Back in 1991, the Chicago Bulls had clinched their first of six NBA Championships, a Daley was returning to the mayor’s office, and the Chicago Symphony Orchestra was ushering in the Daniel Barenboim era. The successor to Sir Georg Solti arrived at an orchestra with the most celebrated brass section in the world, and one whose character he would help shape over the next 15 years as Music Director.
Like a fortifying wind off Lake Michigan, other changes had recently arrived with the appointments of bass trombone Charles Vernon, in 1986, followed by principal tuba Gene Pokorny and second trombone Mulcahy, both in 1989. Barenboim would preside over some 40 appointments, including those in the entire trumpet section, while pursuing a more lyrical, less overtly muscular brass sound.
“Barenboim wanted more of an elongated lyricism,” says John Hagstrom, who joined the trumpet section in 1996 and was appointed Second Trumpet the following year. “He wanted people to listen to each other. And he wanted something less strident in terms of how notes started. He was interested in the middle of the note. He would often say, ‘As a pianist I would love to be able to do something with my sound once I started but I can’t.’”
In a 2006 appraisal of Barenboim’s tenure, former Chicago Tribune music critic John von Rhein described “a brass sound that had less of the punchy, overbearing brilliance favored by Solti, and that was more on balance with the rest of the orchestra.”
But brass-friendly repertoire did not suddenly disappear from programs, and recordings of Wagner and Richard Strauss remain signposts of the era.
Barenboim described his desire for a carefully balanced brass aesthetic in his memoir, A Life in Music, written with CSO program annotator Phillip Huscher. “The main problem with the brass is, of course, the power of their instruments,” he writes. “A conductor must have profound knowledge of the necessary volume and ‘dosage.’ In other words, if the word ‘crescendo’ is written all over the score, it should not be played by the entire orchestra at the same time, since the weaker instruments will not be heard distinctly — the brass and timpani should start the crescendo later.”
Ending An Era
The most significant personnel change of Barenboim’s tenure came when Adolph Herseth relinquished the principal trumpet chair in 2001, after 53 years. On his best nights, the septuagenarian trumpeter could still dazzle audiences, as he did when performing the opening solo in Mahler’s Fifth Symphony at Carnegie Hall in 2000. “He was still disciplined, consistent and prepared,” says Hagstrom. “He represented a certain baseline and, while he could be crabby at times, when it came right down to it, he was really committed. Barenboim valued that.”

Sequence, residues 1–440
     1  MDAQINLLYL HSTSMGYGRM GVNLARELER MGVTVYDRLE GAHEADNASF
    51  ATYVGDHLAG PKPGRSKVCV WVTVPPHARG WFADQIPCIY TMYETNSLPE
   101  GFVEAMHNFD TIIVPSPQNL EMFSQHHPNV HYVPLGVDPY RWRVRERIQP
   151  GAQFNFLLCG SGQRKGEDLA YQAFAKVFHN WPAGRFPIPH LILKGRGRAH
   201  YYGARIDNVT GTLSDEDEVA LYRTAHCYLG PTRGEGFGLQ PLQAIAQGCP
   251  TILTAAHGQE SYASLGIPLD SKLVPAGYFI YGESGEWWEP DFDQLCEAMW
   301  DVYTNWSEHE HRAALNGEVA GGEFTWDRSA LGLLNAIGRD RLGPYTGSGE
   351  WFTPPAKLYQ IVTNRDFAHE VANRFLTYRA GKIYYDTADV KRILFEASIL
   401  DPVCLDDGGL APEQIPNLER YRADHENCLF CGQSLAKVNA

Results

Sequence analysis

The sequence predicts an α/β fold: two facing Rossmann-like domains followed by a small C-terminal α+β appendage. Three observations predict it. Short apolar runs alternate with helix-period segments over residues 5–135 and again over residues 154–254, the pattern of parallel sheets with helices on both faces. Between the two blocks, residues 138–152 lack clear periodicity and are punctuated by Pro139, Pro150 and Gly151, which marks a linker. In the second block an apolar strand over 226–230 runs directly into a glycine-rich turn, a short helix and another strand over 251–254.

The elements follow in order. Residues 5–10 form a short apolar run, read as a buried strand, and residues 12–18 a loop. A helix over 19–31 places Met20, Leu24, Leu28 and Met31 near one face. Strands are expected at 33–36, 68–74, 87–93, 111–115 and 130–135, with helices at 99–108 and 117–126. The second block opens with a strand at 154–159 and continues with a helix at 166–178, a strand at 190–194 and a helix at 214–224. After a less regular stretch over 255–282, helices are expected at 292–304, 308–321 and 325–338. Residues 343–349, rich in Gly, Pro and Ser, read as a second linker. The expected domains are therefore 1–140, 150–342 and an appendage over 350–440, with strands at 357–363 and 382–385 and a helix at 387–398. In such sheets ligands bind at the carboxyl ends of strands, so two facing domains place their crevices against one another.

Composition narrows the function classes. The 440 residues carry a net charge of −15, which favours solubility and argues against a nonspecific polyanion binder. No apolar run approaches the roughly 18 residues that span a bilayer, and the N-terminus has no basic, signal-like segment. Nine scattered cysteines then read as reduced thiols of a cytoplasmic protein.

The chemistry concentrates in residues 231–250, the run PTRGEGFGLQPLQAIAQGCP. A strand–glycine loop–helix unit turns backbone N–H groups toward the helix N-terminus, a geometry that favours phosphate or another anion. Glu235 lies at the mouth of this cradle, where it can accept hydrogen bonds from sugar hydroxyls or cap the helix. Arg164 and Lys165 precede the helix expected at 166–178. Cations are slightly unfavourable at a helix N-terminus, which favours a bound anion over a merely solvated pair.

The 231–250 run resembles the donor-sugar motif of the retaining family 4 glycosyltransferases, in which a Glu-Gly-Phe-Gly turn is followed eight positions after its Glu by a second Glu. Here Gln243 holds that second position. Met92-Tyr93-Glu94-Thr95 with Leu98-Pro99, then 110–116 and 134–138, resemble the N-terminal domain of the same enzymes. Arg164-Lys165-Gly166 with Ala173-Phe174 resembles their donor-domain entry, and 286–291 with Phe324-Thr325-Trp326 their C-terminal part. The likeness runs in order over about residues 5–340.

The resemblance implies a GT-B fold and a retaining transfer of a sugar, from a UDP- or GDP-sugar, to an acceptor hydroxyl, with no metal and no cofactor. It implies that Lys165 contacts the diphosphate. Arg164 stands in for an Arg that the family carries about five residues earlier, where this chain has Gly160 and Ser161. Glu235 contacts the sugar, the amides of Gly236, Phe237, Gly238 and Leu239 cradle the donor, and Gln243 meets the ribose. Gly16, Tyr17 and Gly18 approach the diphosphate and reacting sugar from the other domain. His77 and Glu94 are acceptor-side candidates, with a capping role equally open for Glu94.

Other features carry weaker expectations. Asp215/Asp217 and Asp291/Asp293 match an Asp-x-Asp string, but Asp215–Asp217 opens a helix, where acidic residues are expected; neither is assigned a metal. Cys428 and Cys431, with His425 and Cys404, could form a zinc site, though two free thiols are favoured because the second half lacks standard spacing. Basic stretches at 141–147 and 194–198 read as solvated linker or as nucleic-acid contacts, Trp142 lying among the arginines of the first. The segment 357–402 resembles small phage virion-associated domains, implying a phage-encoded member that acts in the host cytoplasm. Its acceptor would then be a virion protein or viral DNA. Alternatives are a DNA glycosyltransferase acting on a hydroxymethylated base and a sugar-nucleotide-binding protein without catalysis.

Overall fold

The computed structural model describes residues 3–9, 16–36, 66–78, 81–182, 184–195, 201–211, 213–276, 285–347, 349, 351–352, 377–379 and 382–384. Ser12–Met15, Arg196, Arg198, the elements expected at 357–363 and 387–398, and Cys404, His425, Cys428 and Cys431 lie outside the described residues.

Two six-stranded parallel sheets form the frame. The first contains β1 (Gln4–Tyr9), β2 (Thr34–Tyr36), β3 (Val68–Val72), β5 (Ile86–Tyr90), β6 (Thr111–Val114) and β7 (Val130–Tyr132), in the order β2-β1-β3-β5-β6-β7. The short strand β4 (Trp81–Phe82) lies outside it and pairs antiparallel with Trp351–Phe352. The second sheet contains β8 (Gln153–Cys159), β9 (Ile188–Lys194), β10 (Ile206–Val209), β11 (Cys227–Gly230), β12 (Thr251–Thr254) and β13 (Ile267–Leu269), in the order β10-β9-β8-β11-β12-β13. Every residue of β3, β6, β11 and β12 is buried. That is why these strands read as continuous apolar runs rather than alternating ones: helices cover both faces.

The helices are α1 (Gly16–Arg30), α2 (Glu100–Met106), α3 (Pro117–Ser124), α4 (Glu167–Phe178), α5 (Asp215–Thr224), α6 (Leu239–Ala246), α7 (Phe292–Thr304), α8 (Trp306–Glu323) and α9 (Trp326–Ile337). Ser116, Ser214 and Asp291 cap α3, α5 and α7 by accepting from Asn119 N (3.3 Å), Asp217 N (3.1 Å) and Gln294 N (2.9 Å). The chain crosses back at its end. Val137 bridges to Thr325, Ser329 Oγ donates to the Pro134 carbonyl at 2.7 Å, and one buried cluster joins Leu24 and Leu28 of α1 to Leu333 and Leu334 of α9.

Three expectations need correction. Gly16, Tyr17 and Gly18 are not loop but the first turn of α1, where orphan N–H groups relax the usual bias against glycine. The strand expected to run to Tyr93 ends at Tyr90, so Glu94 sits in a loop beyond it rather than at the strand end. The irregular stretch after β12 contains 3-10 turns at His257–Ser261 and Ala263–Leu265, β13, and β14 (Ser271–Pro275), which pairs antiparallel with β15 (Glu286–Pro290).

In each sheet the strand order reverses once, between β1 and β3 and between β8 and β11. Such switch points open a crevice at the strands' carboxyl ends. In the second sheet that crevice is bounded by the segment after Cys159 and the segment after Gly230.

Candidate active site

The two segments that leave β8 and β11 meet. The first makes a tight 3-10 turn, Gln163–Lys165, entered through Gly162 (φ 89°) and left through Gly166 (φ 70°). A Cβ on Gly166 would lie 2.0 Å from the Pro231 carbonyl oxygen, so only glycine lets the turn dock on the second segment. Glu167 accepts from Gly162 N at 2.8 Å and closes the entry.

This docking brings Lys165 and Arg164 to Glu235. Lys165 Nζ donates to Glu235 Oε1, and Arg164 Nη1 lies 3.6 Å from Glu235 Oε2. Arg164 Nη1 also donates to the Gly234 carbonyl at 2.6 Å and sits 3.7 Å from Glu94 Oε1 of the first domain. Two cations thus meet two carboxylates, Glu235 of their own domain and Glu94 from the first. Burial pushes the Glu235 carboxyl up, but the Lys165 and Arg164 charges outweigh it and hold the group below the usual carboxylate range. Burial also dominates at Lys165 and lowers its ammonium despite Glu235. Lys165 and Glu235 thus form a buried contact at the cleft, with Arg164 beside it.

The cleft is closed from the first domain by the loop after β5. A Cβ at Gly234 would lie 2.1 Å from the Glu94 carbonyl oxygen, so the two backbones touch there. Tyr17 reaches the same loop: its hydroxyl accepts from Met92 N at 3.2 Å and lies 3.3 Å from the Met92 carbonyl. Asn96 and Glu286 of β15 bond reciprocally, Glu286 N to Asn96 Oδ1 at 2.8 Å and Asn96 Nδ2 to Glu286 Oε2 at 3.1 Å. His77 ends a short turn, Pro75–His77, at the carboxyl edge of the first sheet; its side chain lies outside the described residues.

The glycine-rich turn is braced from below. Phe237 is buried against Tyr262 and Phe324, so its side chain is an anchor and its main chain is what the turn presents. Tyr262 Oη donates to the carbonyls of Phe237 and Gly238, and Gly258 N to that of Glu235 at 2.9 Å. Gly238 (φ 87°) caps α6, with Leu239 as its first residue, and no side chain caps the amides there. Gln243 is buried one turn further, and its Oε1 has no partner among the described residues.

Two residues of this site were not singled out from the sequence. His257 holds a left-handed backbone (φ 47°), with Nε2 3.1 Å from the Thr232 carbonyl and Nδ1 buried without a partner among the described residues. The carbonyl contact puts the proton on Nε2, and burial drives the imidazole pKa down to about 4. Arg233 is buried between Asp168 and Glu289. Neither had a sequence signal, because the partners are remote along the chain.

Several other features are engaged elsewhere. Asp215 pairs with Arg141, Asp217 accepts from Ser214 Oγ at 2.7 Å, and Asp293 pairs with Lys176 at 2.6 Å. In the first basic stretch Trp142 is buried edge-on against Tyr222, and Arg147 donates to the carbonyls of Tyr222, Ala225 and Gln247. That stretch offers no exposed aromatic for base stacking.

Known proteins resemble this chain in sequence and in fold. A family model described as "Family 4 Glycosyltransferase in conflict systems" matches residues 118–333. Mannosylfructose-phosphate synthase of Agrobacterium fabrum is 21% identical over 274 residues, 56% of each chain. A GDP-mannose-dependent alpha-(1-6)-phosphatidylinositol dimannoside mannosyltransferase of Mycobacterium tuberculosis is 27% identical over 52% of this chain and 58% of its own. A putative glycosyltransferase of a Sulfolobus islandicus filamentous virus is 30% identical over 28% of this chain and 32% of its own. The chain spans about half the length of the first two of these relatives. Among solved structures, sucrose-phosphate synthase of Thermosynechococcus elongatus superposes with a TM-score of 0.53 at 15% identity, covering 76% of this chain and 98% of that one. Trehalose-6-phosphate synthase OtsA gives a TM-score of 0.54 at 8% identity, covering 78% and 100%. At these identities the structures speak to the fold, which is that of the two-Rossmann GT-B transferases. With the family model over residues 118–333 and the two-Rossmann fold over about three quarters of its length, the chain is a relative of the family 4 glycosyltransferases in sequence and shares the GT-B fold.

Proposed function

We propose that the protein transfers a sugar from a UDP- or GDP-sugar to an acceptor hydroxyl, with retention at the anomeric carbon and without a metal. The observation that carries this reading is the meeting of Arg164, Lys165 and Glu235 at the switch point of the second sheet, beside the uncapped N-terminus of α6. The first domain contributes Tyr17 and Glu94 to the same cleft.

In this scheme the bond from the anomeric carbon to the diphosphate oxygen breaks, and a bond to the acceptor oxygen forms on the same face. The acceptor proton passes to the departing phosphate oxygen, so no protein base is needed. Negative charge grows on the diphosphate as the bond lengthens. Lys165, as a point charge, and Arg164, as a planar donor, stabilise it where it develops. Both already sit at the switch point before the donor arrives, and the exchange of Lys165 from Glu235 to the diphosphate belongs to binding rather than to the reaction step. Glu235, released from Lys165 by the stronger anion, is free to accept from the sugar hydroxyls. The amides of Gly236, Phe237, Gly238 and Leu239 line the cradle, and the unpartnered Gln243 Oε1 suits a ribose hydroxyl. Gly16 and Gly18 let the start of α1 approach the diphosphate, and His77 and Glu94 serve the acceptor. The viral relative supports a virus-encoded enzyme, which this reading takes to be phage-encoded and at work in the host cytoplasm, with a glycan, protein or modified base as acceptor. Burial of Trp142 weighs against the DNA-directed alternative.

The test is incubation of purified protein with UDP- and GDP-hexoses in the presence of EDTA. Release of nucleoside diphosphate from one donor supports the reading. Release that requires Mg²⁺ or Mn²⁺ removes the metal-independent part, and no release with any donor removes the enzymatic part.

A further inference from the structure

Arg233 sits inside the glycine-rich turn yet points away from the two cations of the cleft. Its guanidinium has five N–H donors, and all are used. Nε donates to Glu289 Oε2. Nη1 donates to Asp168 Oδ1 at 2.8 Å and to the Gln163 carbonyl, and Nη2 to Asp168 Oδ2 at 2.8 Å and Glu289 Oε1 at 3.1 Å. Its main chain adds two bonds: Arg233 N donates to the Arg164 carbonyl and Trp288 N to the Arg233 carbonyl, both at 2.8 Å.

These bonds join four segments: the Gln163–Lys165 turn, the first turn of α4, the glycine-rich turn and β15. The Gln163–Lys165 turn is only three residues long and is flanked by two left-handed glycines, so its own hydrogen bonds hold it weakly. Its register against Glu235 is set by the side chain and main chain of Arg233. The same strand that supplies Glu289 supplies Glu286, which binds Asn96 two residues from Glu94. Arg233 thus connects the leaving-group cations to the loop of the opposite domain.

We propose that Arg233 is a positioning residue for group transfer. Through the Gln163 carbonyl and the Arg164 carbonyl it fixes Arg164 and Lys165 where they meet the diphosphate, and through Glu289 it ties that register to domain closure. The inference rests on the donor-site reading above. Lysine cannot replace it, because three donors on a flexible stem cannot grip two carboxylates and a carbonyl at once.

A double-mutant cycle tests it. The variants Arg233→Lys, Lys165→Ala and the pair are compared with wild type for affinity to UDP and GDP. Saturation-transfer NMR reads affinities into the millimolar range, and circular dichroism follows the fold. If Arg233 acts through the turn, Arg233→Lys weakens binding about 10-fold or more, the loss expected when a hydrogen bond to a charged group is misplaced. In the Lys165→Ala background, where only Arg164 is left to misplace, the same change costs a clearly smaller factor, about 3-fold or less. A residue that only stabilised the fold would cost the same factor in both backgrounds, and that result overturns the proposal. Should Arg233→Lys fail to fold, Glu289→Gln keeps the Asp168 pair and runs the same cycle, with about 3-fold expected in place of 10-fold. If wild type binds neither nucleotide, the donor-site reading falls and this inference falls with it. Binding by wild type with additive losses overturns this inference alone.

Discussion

Herseth, who was named Musical America’s Instrumentalist of the Year in 1996, also wielded considerable sway within the orchestra, and new brass players deferred to him on aspects of section style and interpretation. Along with Hagstrom, newcomers included Mark Ridenour, who was named assistant principal trumpet, in 1994, and Tage Larsen, appointed fourth/utility trumpet in 2002.
After Herseth’s departure, the principal chair (now named in his honor) was held by Craig Morris (2001-2003), and Christopher Martin (2005-2017), before the Spaniard Esteban Battallán won the position in 2019. Battallán, who played principal in the Hong Kong Philharmonic, did not study in Chicago or cut his teeth in the Chicago Civic Orchestra. But he idolized the CSO Brass as a teenager, after discovering a CD of the orchestra performing Mahler’s First Symphony.
“When I heard that colossal recording, I was astonished,” he told Trumpet Magazine. “That was when I really became aware of wanting to follow the orchestral path, and that I wanted to get to sit down, one day, in Adolph Herseth’s chair.”
More Refinement, Less Pedal to the Metal
Mulcahy views the present-day CSO Brass as the result of a steady refinement process that began under Barenboim and continued with Bernard Haitink, Principal Conductor from 2006 to 2010, and Riccardo Muti, who became Music Director in 2010. “Muti emphasizes an extremely refined sound and a great balance and commitment to the musical line,” he says. “The orchestra is a little bit more sophisticated.
“Now, I will say that there is less visceral, raw energy than there once was. It comes out for select moments in the music, but it’s less pedal to the metal than it would have once been. There’s a place for both approaches. It has evolved as it should.”
For the CSO, the brass remains a tourist draw and a funding magnet: It has been the recipient of a special commissioning fund, which has underwritten several new brass concertos including Jennifer Higdon’s Low Brass Concerto, premiered in 2018. An annual all-brass subscription program at Orchestra Hall is consistently the top-selling event on the CSO calendar, often drawing international visitors. And a CSO Resound recording of the 2010 concert, Chicago Symphony Orchestra Brass Live, offers what second horn James Smelser calls “an un-doctored, accurate sound of the brass.”
Smelser also believes the brass section has maintained its core features even as it benefits from Muti’s expansive, supple approach to phrasing. Mulcahy agrees. “Having a sense of unity is the most key thing,” he says. “There’s a very strong sense that we all belong to one thing and there should be great concordance in the way that we make music together. That is something that we inherited from the glory days of the old CSO Brass, and I think it’s a responsibility that we feel called to respect.”
Photo: Michael Mulcahy leads his fellow section members in the annual holiday concert by the CSO Brass. | ©Todd Rosenberg Photography 2017
Disclaimer: I am the producer of the CSO’s national radio series on WFMT. This article was written independently of my work in that role.